Books I've read
This section was called books I've read recently, but some of these are not
so recent any more.
- Robots and Empire,
- The Tasmanian babes fiasco, John
- The Inheritors and Gateway
to Never, A. Betram Chandler
- When the dream dies, A. Betram
- Postern of fate, Agatha
- Shakedown, Terrance Dicks
- African Upheavals Since
Independence, Grace Stuart Ibingira
- Three Men in a Boat,
Jerome K. Jerome
- The return of the prodigal son, Henri Nouwen
- Statistics without tears, Derek Rowntree
- The Zeal of Thy House, Dorothy L.
Reviews of some of the books
Robots and Empire
The fourth story featuring Robot Daneel. I liked
this book, though it is a
bit of a depressing one for someone who values human choice like I do.
Perhaps Asimov was trying to say something about the futility of attempting
to make robots that we (humans) could control forever by using his three
This 1970 thriller provided some nostalgic charm. The book is a spy
story chase around Iceland.
The Tasmanian babes fiasco
The second documentary/fiction book on share housing produced by John
Birmingham, following on from He died with a felafel in his hand.
This is not the book to read if you are offended by frequent references to
drug use. It is, however, very funny. Unlike felafel, which was
simply a collected series of share house stories, tassie babes links
these collected stories into a narrative. The book even includes an
acknowledgment to alt.flame.roommate,
which provided some of the stories.
The Inheritors and Gateway to Never
(Ace Science fiction)
When the dream dies
A. Betram Chandler
(Sphere Science fiction)
I have enjoyed Chandler's books in the past. His work is interesting,
especially his more detailed than usual exposition of possible
faster-than-light drives (the earlier Ehrenhaft magnetic drives, which
produced the ships known as guassjammers and the
time-distorting Manschem drive).
These two spoils from the lifeline book fest
however, were disappointing. I think what was most annoying was his
emphasis on nude women. Their presence or undress usually seemed
added to the plot as an afterthought.
The first book features two John Grimes stories. The
about a lost earth colony explores some interesting ideas about the
social development of one such colony.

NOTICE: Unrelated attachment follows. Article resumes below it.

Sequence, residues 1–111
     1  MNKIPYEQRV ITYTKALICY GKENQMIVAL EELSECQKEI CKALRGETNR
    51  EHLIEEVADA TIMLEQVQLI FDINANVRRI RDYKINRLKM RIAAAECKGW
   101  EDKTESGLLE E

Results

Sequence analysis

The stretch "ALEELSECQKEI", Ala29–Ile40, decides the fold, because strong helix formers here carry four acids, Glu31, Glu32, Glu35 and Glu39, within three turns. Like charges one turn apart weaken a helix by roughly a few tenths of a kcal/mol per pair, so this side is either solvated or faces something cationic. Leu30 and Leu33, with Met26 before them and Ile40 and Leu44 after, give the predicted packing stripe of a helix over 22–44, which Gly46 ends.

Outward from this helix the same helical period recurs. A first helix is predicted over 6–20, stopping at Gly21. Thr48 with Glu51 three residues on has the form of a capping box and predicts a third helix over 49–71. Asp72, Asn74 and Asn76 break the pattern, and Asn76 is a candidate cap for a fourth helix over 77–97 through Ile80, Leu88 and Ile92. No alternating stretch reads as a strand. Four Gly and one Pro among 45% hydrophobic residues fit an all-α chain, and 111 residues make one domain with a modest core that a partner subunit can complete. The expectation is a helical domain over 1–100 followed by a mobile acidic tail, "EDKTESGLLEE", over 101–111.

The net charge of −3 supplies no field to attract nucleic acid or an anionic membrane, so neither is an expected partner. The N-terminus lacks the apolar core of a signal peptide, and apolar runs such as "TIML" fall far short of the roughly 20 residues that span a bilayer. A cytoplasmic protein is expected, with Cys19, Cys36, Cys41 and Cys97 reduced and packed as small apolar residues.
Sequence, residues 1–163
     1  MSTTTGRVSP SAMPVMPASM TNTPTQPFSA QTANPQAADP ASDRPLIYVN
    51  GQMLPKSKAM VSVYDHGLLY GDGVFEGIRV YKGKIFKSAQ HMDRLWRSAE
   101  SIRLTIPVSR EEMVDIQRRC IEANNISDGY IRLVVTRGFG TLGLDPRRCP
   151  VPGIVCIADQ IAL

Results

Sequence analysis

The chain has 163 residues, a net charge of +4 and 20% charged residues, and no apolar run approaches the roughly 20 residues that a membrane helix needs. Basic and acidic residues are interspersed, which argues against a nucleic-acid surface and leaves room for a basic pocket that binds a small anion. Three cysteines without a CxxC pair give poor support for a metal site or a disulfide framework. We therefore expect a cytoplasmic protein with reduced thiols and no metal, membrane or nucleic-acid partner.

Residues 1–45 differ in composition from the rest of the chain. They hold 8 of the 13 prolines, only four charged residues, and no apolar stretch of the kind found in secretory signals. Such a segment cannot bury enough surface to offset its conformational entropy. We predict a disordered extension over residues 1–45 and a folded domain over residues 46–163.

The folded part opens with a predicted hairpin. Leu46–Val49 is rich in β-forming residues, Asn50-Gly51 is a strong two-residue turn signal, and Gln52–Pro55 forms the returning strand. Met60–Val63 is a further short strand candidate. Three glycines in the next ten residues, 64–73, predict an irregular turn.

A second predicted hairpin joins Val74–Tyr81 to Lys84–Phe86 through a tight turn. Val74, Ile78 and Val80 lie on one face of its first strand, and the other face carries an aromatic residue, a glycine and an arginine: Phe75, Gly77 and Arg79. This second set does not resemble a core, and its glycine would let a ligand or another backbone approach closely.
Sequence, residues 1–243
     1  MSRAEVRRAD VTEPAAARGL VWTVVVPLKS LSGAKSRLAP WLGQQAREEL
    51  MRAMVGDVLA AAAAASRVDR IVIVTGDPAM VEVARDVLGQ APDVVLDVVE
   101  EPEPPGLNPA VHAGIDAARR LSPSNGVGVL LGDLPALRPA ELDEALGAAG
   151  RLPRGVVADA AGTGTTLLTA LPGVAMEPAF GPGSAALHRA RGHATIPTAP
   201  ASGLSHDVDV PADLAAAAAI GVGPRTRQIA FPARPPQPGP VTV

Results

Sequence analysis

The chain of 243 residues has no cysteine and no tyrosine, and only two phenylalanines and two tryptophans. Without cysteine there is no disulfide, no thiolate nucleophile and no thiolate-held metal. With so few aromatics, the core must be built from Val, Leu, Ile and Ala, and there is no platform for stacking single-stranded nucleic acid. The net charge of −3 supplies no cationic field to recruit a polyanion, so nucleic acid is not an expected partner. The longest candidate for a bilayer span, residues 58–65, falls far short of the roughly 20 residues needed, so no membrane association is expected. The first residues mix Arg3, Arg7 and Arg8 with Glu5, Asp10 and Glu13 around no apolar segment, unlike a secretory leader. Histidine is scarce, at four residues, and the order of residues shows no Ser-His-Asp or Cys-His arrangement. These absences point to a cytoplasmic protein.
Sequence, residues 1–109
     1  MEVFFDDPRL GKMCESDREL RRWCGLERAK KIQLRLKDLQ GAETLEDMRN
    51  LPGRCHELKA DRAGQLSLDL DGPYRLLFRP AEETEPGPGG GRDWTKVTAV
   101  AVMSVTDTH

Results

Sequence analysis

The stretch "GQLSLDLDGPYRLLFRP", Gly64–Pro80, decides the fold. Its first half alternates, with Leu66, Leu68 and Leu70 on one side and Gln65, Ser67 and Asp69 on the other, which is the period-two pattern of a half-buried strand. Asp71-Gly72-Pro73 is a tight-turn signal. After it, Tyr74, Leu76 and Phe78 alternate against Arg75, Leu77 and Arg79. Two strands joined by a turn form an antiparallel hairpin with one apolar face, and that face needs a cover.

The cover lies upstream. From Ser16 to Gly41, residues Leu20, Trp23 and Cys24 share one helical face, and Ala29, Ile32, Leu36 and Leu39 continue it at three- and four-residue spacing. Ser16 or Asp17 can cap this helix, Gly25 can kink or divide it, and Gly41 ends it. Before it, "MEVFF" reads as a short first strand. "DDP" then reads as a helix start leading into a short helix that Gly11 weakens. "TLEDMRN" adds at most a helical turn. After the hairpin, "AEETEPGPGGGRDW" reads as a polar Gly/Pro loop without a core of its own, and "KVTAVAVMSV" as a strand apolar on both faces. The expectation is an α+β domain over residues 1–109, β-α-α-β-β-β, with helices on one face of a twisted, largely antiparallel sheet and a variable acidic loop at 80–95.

The edge of Never is about drug smuggling, with not much
particularly imaginative about it. It was this story that got me
thinking about how markedly a book about the future can date. It wasn't
the theories about the various sorts of societies that Grimes comes
across on the galactic rim, but more the social attitudes of the 1970s
were assumed to continue ad infinitem. This is especially
noticeable in the attitudes to smoking and women.
When the dream dies, is a shorter story about a group of men who
buy the last of the gaussjammers. They suffer the fate of some of these
ships and are "blown off course" by a magnetic storm. The world they
arrive at again explores some interesting ideas, but again not without
including more nekkid women.
Postern of Fate
A disappointing book. This a Tommy and Tuppence book, set when
they have retired to the country. It's a murder mystery with a touch of
The dialogue is either an attempt to reproduce dithering speech of people
who are having trouble with their memory (quite accurate, and therefore
irritating), or is Christie's ignorance of espionage showing through in not
knowing what her characters should talk about.
The first New Adventure I've read, and quite good fun.
(one of the Doctor Who New Adventures)
African Upheavals Since Independence
A fascinating book, though rather too involved for a casual reader such as
myself. Details reasons for political upheavals in post-colonial Africa,
with special emphasis on Uganda, when Ibingira was a member of Obote's
government and then imprisoned by him.
Grace Stuart Ibingira
Three Men in a Boat
It was a delight to revisit this book. I read my Parents' copy before I left
home, and picked up a second hand copy in Vancouver.
The delightful late 19th century combination of first-person humour and
travelogue was great to return to.
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